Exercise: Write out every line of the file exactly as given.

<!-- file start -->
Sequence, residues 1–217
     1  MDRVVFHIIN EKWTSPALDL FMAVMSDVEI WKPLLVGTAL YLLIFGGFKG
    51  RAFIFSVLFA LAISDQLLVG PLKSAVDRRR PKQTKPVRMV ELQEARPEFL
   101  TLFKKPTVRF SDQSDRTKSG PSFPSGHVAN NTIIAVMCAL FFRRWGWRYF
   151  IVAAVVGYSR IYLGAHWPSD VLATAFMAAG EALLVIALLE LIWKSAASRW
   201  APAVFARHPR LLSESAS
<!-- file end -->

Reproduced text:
Sequence, residues 1–217
     1  MDRVVFHIIN EKWTSPALDL FMAVMSDVEI WKPLLVGTAL YLLIFGGFKG
    51  RAFIFSVLFA LAISDQLLVG PLKSAVDRRR PKQTKPVRMV ELQEARPEFL
   101  TLFKKPTVRF SDQSDRTKSG PSFPSGHVAN NTIIAVMCAL FFRRWGWRYF
   151  IVAAVVGYSR IYLGAHWPSD VLATAFMAAG EALLVIALLE LIWKSAASRW
   201  APAVFARHPR LLSESAS